Abstract / Description of output
Background: There is concern that exposure of preterm infants to noxious insults over a prolonged period may have long term effects on their developing nervous system.
Aims: To investigate medium and long term effects of heel pricks in infants over the first year of life.
Study design: Study 1-a longitudinal study, 2 days and 4 weeks after heel prick. Study 2-a cross sectional study over the first year of life.
Subjects: Study 1-13 healthy preterm (PT) infants. Study 2-63 full term (FT) and 62 PT infants, divided into 3 timed groups (0-20, 21-37 and 38-52 weeks postterm and corrected for prematurity).
Outcome measures: Threshold responses (flexion withdrawal (FWR), gross body movements (GBM) and grimace (G)) to increasing mechanical force applied with Von Frey filaments.
Results: Study 1-Thresholds were all significantly tower (more sensitive) from the pricked heel compared to the contralateral side at 2 days and 4 weeks. Study 2-There were significant differences in threshold between PT and FT infants at all time points for both FWR (P= 0.001, <0.001, <0.001) and GBM (P=<0.001, <0.001, 0.009 respectively), the preterm infants always being lower. The threshold for the FWR in FT infants steadily increased, but the threshold for the PT infants remained the same. GBM thresholds increased during the year in both FT and PT infants, but were always significantly lower in the ex-preterm group (P<0.012).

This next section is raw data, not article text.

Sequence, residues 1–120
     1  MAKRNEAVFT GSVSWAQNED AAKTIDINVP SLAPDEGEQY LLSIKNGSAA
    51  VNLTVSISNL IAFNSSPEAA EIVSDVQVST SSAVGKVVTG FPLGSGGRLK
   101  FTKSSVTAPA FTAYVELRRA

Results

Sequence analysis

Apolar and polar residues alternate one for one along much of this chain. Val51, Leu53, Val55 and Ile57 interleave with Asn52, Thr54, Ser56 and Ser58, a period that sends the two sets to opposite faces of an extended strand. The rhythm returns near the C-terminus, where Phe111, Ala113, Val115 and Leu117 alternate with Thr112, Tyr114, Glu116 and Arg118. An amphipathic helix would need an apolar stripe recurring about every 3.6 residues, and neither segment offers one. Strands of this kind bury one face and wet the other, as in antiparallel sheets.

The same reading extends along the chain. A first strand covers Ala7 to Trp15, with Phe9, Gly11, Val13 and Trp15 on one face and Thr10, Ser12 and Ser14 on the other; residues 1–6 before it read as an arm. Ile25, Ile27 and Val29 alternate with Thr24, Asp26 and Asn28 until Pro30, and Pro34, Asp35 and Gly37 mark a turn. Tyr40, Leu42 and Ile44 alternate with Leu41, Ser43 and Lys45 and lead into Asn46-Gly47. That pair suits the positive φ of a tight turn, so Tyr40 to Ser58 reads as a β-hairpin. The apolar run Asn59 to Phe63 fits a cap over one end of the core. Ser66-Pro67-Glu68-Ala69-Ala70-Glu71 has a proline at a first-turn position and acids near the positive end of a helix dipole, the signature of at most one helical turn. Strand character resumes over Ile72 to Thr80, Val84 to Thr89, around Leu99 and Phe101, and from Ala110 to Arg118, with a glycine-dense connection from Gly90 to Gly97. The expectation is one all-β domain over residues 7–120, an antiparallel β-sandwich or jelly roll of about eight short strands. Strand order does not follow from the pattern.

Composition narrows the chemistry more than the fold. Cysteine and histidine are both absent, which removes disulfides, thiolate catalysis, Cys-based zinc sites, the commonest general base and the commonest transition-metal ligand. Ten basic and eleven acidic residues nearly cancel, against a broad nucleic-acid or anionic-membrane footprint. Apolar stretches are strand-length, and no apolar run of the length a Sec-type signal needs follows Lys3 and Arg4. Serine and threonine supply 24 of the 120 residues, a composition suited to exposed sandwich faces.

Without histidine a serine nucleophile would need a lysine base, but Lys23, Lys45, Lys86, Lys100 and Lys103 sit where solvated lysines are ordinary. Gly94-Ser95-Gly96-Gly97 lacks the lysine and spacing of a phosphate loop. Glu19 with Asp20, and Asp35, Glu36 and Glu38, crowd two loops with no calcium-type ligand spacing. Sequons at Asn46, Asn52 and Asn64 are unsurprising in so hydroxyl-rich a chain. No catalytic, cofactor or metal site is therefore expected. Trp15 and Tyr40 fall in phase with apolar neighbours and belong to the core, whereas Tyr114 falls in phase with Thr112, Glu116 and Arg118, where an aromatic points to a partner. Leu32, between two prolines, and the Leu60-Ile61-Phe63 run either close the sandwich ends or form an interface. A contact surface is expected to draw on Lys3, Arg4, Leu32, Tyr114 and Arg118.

Conclusions: Either PT birth or repetitive procedures associated with such birth alters the sensitivity threshold of PT infants compared with FT infants for at least the first year of life. (C) 2007 Elsevier Ireland Ltd. All rights reserved.